Despite all the weirdness in my right leg, this is how training has been overall. It’s been really encouraging for me. I’m already running faster than I thought I’d be by the end of training. We’ll see how the next twelve weeks go, but as long as I can keep the issues in my leg in check, I feel like I’ll be in good shape!

This was a foggy run! Usually, Manhattan is right there all staring you in the face.

This was a foggy run! Usually, Manhattan is right there all staring you in the face.

Starbucks, does ANYONE spell Amelia like this?

Starbucks, does ANYONE spell Amelia like this?

2

Training update

NYC skyline with frozen Hudson River

The view from my run yesterday looks way colder than it actually was out

I haven’t done one of these in a long time, but seeing as how marathon training time is almost here, now seems like a good time to start again.

I guess I should also drop in here that I decided on a marathon for the “spring.” Grandma’s Marathon in Duluth, Minnesota on June 20!! Yay! I’m kind of excited for this. I haven’t trained for a marathon since this time last year and I think I’m ready for it again. I’m not going to harp on how rough my running was for most of last year, but things are feeling like they’re coming together now. Not to mention, I’m coming off an awesome weekend running the Goofy Challenge!

Training starts a week from today. I decided I’m going to drop back to the same plan I used for Richmond 2013 and Chicago 2012. That plan worked really well for me. Richmond was a very successful race and Chicago was pretty successful too, even though I didn’t hit my goal. I would love to go for it with the same plan I used for New Jersey last year, but I’m in no way running the kind of miles needed right now to jump into that. Plus, I’m not even sure how to fit those kind of miles into my schedule right now.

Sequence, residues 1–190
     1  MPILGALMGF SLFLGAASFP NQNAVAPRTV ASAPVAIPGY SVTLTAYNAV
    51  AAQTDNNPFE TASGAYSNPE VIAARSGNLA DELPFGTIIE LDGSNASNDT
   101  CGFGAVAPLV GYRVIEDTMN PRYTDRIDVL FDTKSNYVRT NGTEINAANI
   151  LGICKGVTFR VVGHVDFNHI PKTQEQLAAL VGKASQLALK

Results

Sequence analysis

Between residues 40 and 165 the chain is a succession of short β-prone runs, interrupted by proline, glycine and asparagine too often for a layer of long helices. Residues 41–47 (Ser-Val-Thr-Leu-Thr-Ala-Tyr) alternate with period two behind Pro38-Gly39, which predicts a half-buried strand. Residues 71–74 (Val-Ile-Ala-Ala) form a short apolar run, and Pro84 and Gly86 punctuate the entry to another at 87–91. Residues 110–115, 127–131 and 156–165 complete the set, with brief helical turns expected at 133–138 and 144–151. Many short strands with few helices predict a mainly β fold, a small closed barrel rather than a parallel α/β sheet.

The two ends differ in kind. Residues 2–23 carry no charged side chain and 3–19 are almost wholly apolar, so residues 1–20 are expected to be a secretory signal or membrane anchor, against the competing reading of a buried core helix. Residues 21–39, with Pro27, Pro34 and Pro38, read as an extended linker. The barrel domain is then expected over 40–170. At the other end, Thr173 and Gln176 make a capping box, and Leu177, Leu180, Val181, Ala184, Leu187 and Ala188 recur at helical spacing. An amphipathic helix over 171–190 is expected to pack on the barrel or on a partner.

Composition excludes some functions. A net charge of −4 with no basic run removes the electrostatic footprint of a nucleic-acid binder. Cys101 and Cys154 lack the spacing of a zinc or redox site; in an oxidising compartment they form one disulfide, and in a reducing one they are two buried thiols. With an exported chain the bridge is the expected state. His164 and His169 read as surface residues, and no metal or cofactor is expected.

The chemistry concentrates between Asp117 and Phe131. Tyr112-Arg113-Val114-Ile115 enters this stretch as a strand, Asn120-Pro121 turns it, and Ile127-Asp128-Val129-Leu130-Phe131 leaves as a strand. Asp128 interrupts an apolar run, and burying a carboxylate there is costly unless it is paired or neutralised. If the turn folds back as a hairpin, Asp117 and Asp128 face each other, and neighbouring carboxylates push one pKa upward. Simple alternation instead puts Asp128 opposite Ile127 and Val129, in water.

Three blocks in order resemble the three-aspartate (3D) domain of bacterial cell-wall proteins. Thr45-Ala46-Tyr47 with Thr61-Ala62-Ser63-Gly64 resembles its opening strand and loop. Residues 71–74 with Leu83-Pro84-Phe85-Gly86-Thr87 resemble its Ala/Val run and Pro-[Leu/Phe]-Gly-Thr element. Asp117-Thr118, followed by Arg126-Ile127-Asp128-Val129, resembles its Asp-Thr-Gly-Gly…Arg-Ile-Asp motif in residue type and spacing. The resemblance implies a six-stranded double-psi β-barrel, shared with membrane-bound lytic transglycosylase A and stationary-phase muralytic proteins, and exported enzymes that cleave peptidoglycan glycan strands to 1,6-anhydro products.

I don’t have a concrete goal for the race yet. For now, I’m just looking to PR, but I’ll check back in with my goal halfway through training and adjust accordingly. I would love it if I got myself back to a point where I could go for a BQ, but right now that feels really far away. We’ll see how it goes.

Two weeks ago, I squeezed in four runs and two spin classes with just one rest day. I totaled 21 miles. Not a a ton, but not bad with the two spin classes.

Last week, I ran five days, went snowboarding one day, and took a spin class. I hit 30.4 miles. The spin class and four of the miles where on the same day as part of my first ever double workout in one day! I was super proud of myself. I also felt really good all week. Tired, but less so than I expected. Yesterday’s run, in particular, was awesome. It was a ten-miler in Liberty State Park. The weather was perfect. 41º, very light wind, and sunny! But it was very wet out! Puddle city! All the ice and snow from Saturday was melting and leaving behind all kinds of slush and ice-cold puddles. I ended up stepping into a calf-deep puddle about 200 feet into my run and completely soaked my feet. Though, this is kind of the best thing that can happen in that situation. Once your feet are wet, you don’t have to worry about avoiding puddles anymore so I just had fun running right through them like a child. It was great!